Specific strategies are

  • Review modifiable risk factors for falls and address them (see the risk factors in the table above (Please see the Fall Prevention chapter as well)
  • Explore the patients’ perceptions of the causes of balance impairments (and falls) and willingness to make changes to reduce the risk of falls. Approaches facilitating behavior change: providing choices, personalizing options, and focusing strategies on enhancing quality of life.
  • Careful review of medications (including over the counter) considering 20% of unsteadiness in older adults may have pharmacologic etiology, may reveal medications triggering the unsteadiness
    • Pain medications, antispasticity, psychoactive medications-antidepressant, anxiolytic medications
  • Being sensitive about emotional distress of older patients with balance impairment related to falls, potential loss of independence, and further deterioration of conditions.
  • Use of ambulatory aids is often associated with the perception of being “old and disabled”. Therefore, prescription of ambulatory aids should be one after discussing with the patients the need for these devices, how they can help with their balance, the potential plan to wean off the devices, and their willingness to use these aids.
  • Discuss the importance of strength and balance exercise (Stretching, walking have not been shown to reduce falls).
  • To improve balance, balance exercises should be moderate to high challenge and progress in difficulty, minimum of 2 hours per week for 25 weeks. Assist patients to find a place where they can engage in this type of exercise (PT, community programs, home programs)20
  • Strengthening exercise, three dimensional exercise (Tai Chi, qi gong, dance, yoga),
  • Virtual balance training (therapy, serious games)
  • Vitamin D 800 IU per day for those at risk of fall and suspected vitamin D deficiency.
  • Offer ongoing monitoring and follow-up

Impact of balance training

Balance training improved balance as measured by the Berg Balance Scale and quantitative postural sway, resulting in a significant reduction in the rate of falls in older adults. Recent Cochrane review reported that exercise programs involving gait, balance, coordination, and functional exercises decrease the rate of falls. Strengthening exercise, three dimensional exercise (Tai Chi, qi gong, dance, yoga), and combination of these exercises all appear to improve balance quantifiably.21 However, there is insufficient evidence on the effects of general physical activity (e.g. walking, cycling), and exercise involving computerized balance program, or vibration plates on balance.21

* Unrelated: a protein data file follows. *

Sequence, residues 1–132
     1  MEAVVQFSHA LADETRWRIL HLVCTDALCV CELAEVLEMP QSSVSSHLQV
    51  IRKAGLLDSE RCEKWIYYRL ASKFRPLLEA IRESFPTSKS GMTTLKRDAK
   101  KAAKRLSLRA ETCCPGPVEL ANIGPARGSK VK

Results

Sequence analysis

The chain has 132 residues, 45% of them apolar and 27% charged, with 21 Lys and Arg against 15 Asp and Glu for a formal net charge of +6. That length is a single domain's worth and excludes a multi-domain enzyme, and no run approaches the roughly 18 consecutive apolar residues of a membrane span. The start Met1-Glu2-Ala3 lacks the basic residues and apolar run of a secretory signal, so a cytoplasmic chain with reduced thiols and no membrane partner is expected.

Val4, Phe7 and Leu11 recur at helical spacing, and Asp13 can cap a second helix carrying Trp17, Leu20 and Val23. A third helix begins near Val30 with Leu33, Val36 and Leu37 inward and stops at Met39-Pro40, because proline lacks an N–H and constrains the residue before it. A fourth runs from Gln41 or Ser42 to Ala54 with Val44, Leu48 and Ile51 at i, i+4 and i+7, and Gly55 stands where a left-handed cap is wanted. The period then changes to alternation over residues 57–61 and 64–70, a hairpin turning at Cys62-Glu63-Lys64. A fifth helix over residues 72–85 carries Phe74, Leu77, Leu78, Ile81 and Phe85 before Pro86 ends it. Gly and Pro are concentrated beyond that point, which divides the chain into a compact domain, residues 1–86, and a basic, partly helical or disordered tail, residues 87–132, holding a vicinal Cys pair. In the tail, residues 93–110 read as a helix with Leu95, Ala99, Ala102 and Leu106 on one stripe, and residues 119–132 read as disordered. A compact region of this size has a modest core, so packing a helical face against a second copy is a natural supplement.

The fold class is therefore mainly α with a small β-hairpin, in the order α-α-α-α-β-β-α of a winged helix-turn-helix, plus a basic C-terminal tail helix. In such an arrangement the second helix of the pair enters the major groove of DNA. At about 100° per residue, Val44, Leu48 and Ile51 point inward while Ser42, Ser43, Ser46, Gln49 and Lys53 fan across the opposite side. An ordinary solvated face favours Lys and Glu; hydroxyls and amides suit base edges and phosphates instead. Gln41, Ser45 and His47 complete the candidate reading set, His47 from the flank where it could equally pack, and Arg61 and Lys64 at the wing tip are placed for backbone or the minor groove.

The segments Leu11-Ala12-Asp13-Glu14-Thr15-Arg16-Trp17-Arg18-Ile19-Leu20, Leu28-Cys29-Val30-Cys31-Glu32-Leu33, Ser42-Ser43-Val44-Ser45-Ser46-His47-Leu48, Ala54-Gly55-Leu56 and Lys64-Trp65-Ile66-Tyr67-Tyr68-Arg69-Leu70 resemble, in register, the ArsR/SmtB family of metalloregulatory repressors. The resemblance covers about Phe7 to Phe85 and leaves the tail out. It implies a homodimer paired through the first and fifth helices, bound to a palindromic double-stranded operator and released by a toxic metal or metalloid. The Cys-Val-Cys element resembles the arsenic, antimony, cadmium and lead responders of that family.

Cutting Edge/ Unique Concepts/ Emerging Issues

As balance impairment has been recognized as an important public health issue in US healthcare system, there is a growing interest from private companies to build supportive tools for patients with balance impairment (ambulatory monitoring device, high tech glasses enhancing foot placement, virtual reality). For specific disease population (Parkinson’s disease), trials of neurosurgical tools (e.g. subthalamic or pallidal deep brain stimulation) are ongoing for balance improvement.22 Robotic assisted gait training with individuals with neurological disorders showed some additive benefit in balance and ambulation when combined with conventional rehabilitation.  More clinical research needs to be done to determine optimal timing and protocol design for maximum benefit and long-term outcomes 23.

Creative dancing in elderly showed improvement in gait, dynamic balance, fall risk, reaction time. It encouraged participants to move and change gait patterns while responding to a variety of unexpected external stimuli including music and people by using multiple senses simultaneously. Furthermore, auditory stimuli of music and training to respond to rhythm, tempo, and melody lead to highly automated gait patterns and improved balance24.

Virtual reality game systems used for balance training in elderly showed statistically significant improvement in balance by stimulating vision and vestibular pathway.  It increased their confidence and decreased fear of falls. It also decreased overall fall rate.  It kept participants engaged and increased adherence of program 25, 26.

Gaps in Knowledge/ Evidence

The major pitfalls in the literature and clinical practice in management of balance impairment include lumping balance disabilities despite the different pathophysiology, failure of enhancing compensatory mechanisms, and failure to sustain effective exercise interventions. Implementation and Dissemination of currently available findings about balance assessment and intervention is greatly needed, including the transition of care from the hospital or clinic to the community.


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Original Version of the Topic

Mooyeon Oh-Park, MD, Natasha Mehta, MD. Assessment and Treatment of Balance Impairments. 4/13/2016

Author Disclosure

Mooyeon Oh-Park, MD
Nothing to Disclose

Deepthi Ganta, MD
Nothing to Disclose